Best practices on hoisting and function calls

Best practices on hoisting and function calls
0

#1

I’d like some feedback on this. I’ve read not long ago that we should, when possible, avoid hoisting, that is calling a function before that function is defined. I find that for readibility I want to call functions before they are created a lot, that putting the function first would make my code confusing if someone else would read it. I’m going to show an example of something I’m doing now:

 const request = new XMLHttpRequest();

 request.onload = outputResponse;
 request.open('get', searchParameter, true)
 request.send()


 function outputResponse() {
   const image = document.getElementById("avatar");
   const userInfo = document.querySelector(".user-info");
   let responseObj = JSON.parse(this.responseText);
  ...
  etc

So in this case, if I were to put the function first, it feels out of context, you would have to get to the end of it and see the “request.onload = outputResponse;” to get it. Should I still place the function first?

Thanks for any advice on this.


#2

I’m not sure where you read that, but it’s 1) not quite accurate and 2) not really an issue with functions. It’s not bad advice, though.

The short answer: you will prevent some frustrating bugs by declaring all of your variables at the top of their scope. If you’re using function declarations (ie function outputResponse() { //... }), then it’s not going to matter. It is possible for you to run into trouble by trying to call a function expression before it’s defined (ie var someFunction = function() { //... }).

Like ‘closure’, ‘hoisting’ is one of those terms that’s not entirely understood by everyone who uses JavaScript. Let’s start from the beginning: hoisting is not something you do, it’s something the compiler does. Compilation is complicated, but we can focus on two stages defined by the ECMAScript (JavaScript) spec. First, the compiler gets all of the declarations in your code and binds them to their execution context. When using var, that execution context is the function it’s executed in.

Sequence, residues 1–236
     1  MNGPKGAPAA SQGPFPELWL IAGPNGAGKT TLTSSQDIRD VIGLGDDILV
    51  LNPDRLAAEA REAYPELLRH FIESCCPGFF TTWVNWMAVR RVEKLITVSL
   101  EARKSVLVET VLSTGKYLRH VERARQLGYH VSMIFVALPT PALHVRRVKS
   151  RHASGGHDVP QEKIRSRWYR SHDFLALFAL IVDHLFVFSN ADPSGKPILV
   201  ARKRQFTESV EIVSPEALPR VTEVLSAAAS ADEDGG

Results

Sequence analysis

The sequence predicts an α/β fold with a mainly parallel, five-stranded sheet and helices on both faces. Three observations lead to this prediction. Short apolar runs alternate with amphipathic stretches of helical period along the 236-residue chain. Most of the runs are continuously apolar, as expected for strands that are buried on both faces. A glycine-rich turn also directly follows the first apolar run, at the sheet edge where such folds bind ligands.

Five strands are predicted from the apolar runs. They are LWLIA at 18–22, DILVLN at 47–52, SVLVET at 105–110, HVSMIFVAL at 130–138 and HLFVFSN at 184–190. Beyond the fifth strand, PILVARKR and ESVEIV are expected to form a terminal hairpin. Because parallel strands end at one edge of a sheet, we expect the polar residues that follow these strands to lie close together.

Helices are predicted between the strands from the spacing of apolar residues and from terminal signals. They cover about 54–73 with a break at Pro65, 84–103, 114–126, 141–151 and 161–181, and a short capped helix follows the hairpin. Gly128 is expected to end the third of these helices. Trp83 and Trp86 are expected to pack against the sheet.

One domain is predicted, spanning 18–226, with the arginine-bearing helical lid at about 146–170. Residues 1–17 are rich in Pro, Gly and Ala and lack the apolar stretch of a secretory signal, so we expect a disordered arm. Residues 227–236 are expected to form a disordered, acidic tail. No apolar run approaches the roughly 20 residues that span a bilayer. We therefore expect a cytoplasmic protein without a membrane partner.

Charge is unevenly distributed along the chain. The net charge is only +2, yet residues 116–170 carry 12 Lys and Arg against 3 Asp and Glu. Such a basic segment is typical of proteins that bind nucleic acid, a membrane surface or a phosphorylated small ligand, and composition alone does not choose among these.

function someFunction() {
  var aVariable; //execution context is someFunction
}

This is true even if the variable is declared inside of another non-function code block, like an if clause:

function someFunction() {
   if(true) {
      var someVariable; // execution context is still someFunction
   }
}

This is what “hoisting” refers to. It means that no matter how far down in the function the variable someVariable is declared, and no matter if it’s in another non-function code block, it’s going to be accessible to any other code executed in someFunction. It’s as if the variable declaration has been moved to the top. Function declarations are also dealt with in this first stage, so they will always be defined in their execution context before they are invoked.

note: let and const are block scoped, so their execution context is not the function they’re defined in, but any code block.

The problem that your given advice is trying to save you from comes because the compiler doesn’t assign values to those declarations until this stage is done and all of the declarations have their execution context.

function someFunction() {
   console.log(aVariable); // console.log() has access to the variable aVariable because it's been "hoisted", but it doesn't have access to its value so this will output "undefined"
   if(true) {
      var aVariable = "Tacos";
       console.log(aVariable); // now it can output the string because the variable has been initialized with a value
   }
}

Here are some (perhaps better) resources on the subject:



#3

Actually I just remembered, it’s said in the “Javascript: Understanding the weird parts” Udemy course by Anthony Alicea. Execution context and hoisting was very well explained there and I felt like I got it, but at the end he said that, yea, to avoid it if possible as a good practice to avoid posible future frustrations. I’m still not sure if in my case I should revert the code order in favor of this advice, or not, in favor of readability. I will follow your advice than in this case, it doesn’t matter. Thanks again.


#4

From airbnb styleguide:

7.1 Use named function expressions instead of function declarations

Why? Function declarations are hoisted, which means that it’s easy - too easy - to reference the function before it is defined in the file. This harms readability and maintainability. If you find that a function’s definition is large or complex enough that it is interfering with understanding the rest of the file, then perhaps it’s time to extract it to its own module! Don’t forget to name the expression - anonymous functions can make it harder to locate the problem in an Error’s call stack.

also airbnb point of view on:
hoisting
variables